* David Norman is chief economist at the Auckland Council. This article was first published here. It is here with permission.

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We need to get rid of equity requirements altogether. The reserve bank still doesn't understand that house prices only go up.

The ruling elite and general public of NZ think that house prices are like the Titanic: "unsinkable." They will provide all kinds of "evidence" to explain why that is. Now, there is no "evidence" to suggest that house prices are sinkable (only cases from eleswhere), but you will see plenty of denial as to why prices can't go down. But in a country where Mike Hosking is a household name and where Robert Shiller would be largely unknown, this is to be expected.

Prices will only fall if the era of an ever expanding credit market comes to an end. As long as we can keep pumping it up with money to generate a competitive return, why would you invest anywhere else? We can just make it more affordable by lowering interest rates and deposits forever. 2008 is when economics was solved, now we just ride the gravy train.

Where did you learn this and why do you believe it? You're saying that you can produce more of something (money) and "generate a competitive return" from it (which doesn't actually make any sense). The assumption is that this can continue forever and a day. Now that might appear to you to be happening now, but this supports the"unsinkable Titanic" mindset.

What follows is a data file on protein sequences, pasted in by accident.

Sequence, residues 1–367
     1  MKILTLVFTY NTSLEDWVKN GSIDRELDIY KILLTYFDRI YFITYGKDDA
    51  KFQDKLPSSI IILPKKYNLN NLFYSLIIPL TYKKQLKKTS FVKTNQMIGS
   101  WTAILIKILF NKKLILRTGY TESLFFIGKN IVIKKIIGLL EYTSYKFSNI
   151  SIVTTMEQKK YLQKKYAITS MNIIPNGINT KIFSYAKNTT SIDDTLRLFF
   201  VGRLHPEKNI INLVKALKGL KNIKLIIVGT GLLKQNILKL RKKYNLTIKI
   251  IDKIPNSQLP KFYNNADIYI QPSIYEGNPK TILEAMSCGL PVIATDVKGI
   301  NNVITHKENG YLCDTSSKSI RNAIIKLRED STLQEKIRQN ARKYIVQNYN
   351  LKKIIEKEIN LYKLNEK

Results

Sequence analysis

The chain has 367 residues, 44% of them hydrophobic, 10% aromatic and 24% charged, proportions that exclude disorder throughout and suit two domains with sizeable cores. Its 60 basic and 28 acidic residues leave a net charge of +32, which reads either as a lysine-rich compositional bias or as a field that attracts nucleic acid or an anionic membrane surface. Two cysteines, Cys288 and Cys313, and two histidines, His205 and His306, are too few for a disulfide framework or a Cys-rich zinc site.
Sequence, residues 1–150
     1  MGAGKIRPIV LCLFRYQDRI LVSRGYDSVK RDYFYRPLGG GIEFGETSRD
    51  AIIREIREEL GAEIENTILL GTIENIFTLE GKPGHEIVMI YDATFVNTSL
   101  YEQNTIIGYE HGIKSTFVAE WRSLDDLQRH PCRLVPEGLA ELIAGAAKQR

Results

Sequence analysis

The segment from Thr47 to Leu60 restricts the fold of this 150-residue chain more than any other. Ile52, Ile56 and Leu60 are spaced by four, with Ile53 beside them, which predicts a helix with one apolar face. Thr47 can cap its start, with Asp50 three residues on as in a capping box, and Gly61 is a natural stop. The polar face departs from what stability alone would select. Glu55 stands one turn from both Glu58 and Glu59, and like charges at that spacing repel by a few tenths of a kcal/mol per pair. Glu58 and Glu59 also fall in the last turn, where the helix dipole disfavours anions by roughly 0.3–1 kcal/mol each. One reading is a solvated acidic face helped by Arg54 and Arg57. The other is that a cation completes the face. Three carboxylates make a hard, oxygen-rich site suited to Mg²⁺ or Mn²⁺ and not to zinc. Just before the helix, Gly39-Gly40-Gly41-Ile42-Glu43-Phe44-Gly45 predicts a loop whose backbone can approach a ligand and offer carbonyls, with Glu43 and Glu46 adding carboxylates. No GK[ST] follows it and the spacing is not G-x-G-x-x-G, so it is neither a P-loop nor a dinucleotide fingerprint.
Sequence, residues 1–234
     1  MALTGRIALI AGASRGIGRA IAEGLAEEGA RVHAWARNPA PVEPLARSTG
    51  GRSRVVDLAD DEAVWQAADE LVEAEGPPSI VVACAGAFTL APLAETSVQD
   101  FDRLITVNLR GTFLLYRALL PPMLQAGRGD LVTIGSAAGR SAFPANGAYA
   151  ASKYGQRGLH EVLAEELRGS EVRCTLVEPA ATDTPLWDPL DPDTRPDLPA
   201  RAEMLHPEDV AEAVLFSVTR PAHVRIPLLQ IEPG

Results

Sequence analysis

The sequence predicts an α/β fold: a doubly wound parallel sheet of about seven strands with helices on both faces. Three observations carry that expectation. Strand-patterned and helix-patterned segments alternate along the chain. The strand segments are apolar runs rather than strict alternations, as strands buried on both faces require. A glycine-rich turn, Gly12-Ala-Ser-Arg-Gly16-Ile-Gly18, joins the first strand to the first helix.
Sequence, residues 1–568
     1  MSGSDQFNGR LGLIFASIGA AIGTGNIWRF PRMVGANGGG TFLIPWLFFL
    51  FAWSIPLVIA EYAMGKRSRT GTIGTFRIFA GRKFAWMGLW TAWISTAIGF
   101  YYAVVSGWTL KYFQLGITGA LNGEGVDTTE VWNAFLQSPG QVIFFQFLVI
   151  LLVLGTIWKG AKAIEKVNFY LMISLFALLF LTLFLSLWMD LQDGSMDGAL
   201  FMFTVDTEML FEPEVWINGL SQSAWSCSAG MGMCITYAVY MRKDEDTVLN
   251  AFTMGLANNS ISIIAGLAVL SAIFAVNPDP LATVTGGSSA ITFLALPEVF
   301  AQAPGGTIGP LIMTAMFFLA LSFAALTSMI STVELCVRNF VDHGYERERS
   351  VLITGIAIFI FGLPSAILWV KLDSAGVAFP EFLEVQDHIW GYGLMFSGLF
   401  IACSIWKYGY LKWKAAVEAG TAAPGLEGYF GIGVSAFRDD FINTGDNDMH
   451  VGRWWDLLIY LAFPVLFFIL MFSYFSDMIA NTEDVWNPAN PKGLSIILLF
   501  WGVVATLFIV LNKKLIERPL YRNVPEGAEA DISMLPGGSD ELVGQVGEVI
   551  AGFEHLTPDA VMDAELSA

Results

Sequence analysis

I personally read their comment as sarcastic. They can correct me if I'm wrong with this assumption.

Yes, it could be 1.) sarcasm [I guess]; 2.) trolling; or 3. a belief.

You don't need to produce anything to get a return. If the value of your investment is rising at a faster rate than other things as a result of continuous easing, there has to be something to incentivise the money to move elsewhere. Similar to a Ponzi scheme, but without the need for additional investors.

Unsure if OP is troll or just economically and financially illiterate

Rude. Just singing from the central bank hymn sheet. Also was sarcasm. Will add sarcasm warning to future comments. Also politically houses get the too big to fail privilege. Just read a monetary policy statement.

Also politically houses get the too big to fail privilege.

Right. This fits nicely into the "Titanic is unsinkable" mindset.

And (Ctrl-F for " land ") text search reveals zero instances of Land Prices. Selective investigation, much? Because the percentage of 'house' price attributable to 'land price' has surely increased over the surveyed period. As the Productivity Commission has concluded, TLA's and their dopey policies uninformed by urban economic reality, have pushed unimproved land prices to a multiple of 8-10 times underlying rural land prices, because of squiggles on planning maps.

And also why make the assumption that all household income is for a single earner. The fact that increasingly two incomes plus is needed to pay the rent, or mortgage has a huge effect socially on how families operate, including how and why they consume goods and services.

Depends on where you view point is; Take Auckland for example where older generations have had the most opportunity to benefit for the onslaught of foreign buyers who were particularly prevalent over the last few years, so much so we had to bring a Foreign Buyers Ban. Older Kiwi generations didn't have to compete with that many overseas speculative investors and mass immigration in competition for a home.
Not to mention the wage stagnation that our younger generations have faced due to mass migration/globalization, so have less buying power.

IN the 80s sizes of sections were still 6 to 800 sq m, now they are barely big enough to swing a cat. The complete demise of the home garden is imminent.

...and with it things like pet ownership and living space for kids, along with our ability to influence our immediate surroundings.